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plenty of stuff available online. you can get the definitions and explanations all over the web. but understanding the formula is key.
in simple terms , it show how well the risk adjusted returns are made by a fund or manager.
it shows how much returns are made after taking out risk free returns(normally 10 y govt bond) w.r.t the risk you are taking
so if nifty annual vol is 20% , which is the expected risk on downside.
so one fund manager or fund makes say 30% return in a year. you remove 7.5% from that because you are not taking any risk for that 7.5%. i.e there is no risk in that 7.5%. since this 7.5% is guaranteed by the govt bonds.
now you have 22.5% / 20% = 1.125 is the sharpe ratio.
you have now taken risk only for that 20% and you have returned more than 20% , hence the sharpe ratio is above 1. This is the risk adjusted return.
Very hard to go over 1 for many people in this business.
Everyone should calculate their performance using sharpe ratio. I bet most people will stop trading and start investing. LOL.
It lists all the required margins (for equity & indexes).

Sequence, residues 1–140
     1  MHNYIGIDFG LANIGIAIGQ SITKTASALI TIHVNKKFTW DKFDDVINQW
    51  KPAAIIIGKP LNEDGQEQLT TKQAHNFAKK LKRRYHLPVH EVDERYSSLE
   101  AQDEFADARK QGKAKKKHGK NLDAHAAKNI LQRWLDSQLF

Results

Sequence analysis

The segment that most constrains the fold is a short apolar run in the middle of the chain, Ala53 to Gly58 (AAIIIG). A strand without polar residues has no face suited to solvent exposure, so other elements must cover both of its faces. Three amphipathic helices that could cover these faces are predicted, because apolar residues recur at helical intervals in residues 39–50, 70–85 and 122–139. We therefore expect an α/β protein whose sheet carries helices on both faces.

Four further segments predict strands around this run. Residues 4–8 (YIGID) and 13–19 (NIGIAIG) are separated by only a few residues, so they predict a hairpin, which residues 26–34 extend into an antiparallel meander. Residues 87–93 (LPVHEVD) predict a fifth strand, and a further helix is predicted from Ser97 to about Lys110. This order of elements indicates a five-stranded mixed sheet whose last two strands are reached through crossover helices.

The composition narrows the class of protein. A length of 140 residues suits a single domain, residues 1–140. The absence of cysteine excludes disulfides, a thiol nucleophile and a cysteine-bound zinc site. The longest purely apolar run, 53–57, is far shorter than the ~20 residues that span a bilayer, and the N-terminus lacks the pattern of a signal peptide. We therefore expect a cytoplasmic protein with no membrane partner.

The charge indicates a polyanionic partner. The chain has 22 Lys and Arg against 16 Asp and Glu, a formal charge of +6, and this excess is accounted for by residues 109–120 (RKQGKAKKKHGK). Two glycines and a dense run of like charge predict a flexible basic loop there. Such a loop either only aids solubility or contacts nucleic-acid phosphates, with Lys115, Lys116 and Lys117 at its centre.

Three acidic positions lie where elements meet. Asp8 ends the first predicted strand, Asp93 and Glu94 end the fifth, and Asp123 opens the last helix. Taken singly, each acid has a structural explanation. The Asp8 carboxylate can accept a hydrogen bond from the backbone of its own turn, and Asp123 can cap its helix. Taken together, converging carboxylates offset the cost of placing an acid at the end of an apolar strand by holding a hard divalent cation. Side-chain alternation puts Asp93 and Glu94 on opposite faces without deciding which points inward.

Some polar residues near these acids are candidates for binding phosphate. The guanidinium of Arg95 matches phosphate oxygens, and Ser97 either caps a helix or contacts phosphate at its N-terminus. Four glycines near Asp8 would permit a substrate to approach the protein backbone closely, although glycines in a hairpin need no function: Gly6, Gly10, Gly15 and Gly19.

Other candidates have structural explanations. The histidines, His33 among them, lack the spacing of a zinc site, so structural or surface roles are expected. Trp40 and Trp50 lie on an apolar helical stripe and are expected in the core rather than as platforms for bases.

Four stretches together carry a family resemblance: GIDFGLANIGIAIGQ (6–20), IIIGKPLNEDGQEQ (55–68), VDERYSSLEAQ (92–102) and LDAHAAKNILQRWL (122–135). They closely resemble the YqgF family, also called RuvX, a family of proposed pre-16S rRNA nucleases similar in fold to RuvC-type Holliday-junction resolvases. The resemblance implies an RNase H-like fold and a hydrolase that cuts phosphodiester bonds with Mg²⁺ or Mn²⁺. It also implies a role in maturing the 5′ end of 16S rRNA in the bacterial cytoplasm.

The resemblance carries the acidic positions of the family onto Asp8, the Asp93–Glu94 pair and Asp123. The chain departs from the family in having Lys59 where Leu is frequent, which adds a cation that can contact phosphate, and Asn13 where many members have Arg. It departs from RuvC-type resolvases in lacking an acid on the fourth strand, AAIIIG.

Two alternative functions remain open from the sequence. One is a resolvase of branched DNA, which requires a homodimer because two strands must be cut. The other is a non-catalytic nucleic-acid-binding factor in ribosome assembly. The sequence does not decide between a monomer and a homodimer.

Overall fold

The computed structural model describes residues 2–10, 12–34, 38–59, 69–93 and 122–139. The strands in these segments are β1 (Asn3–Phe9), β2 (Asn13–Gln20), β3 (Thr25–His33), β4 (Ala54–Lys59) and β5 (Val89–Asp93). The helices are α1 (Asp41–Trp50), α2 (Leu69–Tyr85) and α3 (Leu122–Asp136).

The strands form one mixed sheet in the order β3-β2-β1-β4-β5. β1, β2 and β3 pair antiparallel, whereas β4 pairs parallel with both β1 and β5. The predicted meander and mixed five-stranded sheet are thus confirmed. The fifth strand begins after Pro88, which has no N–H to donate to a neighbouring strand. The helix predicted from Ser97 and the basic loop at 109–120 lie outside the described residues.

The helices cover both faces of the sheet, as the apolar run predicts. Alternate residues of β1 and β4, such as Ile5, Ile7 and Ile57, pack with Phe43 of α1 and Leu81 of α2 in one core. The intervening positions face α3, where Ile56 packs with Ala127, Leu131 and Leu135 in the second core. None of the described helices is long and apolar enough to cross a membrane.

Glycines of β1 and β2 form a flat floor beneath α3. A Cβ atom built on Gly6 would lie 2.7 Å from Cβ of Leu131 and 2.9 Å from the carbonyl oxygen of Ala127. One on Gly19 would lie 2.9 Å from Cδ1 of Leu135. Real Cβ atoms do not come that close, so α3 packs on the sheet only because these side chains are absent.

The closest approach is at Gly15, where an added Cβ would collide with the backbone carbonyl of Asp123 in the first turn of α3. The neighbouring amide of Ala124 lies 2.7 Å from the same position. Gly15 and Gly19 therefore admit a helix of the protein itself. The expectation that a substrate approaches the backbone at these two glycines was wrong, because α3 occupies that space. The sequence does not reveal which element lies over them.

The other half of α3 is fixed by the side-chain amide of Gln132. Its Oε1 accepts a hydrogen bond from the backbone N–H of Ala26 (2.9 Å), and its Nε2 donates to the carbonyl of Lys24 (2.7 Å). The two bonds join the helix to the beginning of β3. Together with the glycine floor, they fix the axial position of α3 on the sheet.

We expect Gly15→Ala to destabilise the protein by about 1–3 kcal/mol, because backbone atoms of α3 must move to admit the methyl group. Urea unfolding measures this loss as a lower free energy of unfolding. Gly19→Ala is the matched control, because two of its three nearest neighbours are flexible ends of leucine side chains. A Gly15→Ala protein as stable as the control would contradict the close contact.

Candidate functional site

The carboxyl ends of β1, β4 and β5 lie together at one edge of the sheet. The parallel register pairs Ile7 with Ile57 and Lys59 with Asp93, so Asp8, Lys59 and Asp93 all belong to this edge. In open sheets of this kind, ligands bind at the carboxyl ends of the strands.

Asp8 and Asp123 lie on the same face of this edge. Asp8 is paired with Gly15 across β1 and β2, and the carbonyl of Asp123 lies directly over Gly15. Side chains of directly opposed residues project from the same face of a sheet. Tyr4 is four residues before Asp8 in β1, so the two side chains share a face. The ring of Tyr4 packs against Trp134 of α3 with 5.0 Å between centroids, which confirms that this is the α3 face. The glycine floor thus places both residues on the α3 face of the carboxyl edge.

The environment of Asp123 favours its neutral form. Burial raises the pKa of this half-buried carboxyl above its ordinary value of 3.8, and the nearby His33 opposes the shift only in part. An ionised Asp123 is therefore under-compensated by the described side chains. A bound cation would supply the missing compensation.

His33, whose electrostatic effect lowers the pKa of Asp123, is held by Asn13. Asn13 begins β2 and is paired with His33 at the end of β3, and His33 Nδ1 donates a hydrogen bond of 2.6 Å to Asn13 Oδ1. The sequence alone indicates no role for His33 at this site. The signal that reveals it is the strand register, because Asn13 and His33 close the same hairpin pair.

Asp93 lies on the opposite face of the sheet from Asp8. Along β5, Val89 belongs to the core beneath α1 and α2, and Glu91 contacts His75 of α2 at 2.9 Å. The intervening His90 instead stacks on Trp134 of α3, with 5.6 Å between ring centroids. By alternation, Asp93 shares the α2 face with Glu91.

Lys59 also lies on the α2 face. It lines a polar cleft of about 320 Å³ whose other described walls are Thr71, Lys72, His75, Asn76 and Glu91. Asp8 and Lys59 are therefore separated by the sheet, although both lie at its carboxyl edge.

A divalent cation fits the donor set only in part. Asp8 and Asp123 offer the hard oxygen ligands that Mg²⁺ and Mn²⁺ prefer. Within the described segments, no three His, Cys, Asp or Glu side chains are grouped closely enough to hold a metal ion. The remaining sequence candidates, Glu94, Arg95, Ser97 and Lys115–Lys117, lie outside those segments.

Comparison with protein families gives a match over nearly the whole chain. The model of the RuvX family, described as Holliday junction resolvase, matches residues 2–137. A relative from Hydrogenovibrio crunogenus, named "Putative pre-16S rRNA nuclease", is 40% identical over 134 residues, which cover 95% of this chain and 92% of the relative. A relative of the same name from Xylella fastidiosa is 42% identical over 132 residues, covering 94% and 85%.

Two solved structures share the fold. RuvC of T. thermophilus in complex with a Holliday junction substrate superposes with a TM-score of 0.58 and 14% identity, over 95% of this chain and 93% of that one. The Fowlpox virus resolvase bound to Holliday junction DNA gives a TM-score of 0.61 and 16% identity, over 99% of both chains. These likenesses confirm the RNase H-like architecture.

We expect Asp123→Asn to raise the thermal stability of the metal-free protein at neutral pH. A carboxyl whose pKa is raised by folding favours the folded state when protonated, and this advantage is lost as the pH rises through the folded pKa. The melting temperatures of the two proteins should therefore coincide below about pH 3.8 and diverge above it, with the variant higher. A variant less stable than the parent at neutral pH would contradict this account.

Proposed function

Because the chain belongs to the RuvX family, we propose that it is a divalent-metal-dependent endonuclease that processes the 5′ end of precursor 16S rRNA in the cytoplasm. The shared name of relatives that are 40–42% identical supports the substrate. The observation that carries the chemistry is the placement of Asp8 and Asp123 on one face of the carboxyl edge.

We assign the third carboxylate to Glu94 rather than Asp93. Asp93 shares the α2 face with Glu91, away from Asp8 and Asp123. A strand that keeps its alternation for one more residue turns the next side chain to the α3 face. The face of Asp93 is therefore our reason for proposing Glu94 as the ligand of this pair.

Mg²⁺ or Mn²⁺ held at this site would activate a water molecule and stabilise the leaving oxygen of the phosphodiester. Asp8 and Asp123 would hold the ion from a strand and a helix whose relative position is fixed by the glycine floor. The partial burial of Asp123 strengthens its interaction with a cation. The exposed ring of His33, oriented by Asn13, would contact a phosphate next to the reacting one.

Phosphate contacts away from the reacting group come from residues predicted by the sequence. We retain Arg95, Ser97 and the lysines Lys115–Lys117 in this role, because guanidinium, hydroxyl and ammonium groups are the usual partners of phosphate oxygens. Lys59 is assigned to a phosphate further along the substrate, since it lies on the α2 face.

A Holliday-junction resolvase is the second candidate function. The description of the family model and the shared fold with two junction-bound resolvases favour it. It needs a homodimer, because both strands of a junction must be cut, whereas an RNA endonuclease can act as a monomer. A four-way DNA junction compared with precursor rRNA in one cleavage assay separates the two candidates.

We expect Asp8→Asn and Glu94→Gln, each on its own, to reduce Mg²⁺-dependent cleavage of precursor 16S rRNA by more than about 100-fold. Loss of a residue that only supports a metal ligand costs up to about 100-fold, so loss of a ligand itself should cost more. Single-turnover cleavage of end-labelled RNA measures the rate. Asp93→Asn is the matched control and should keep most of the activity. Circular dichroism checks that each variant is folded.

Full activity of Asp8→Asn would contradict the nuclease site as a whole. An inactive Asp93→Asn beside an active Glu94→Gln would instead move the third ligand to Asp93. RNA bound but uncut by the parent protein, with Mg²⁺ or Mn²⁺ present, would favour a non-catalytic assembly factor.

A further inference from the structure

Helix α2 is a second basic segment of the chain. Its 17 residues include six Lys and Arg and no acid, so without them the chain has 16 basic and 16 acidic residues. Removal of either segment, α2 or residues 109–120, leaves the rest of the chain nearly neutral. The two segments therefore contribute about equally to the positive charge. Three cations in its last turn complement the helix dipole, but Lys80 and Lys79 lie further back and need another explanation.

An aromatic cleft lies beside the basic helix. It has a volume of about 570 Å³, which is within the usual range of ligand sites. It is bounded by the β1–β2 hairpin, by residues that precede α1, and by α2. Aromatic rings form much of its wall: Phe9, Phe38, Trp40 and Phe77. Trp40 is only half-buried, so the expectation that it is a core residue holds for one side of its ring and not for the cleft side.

“NRML Margin” is the amount required if you want to hold the position overnight (or few days).
“MIS Margin” is the amount required if you want to trade on intraday.
First of all you need to understand the concept of opening a fresh position and closing a position. Squaring off means you are just closing the existing open position(just reversing the trade…either in profit or loss). In the options context this gets tricky for new guys…Lets says your view is bullish then you buy call option, which is long position (for Rs 5)…after few minutes/hours/days you see premium is appreciated (say to Rs.10) and you want to book the profit…you are closing the position ie selling the options )that was bought earlier…it is alo called as squaring off the existing positon…Now keep in mind you are not creating a new sell position here…Howver you cann aalso write/sell call options if you feel prices will go down…you squareoff by buying it back later at lower price
Yes, in this case profit of Rs 5 will be made (ignoring brokerage, taxes, etc)
If you had previously bought the Call option, then selling it would only square off the current open position and you will have your profit. If you want to create a new Sell position with that call options in which you are already long, you will have to sell 2 Call Options… I Call will square off the current open long position and the second one will create a new Call write (sold) position…
If you wait till expiry then either your long call will be exercised if it’s In-the-Money or it will become 0 value if Out-of-Money in which case you will lose the Rs 5 that you had paid to buy the Call.
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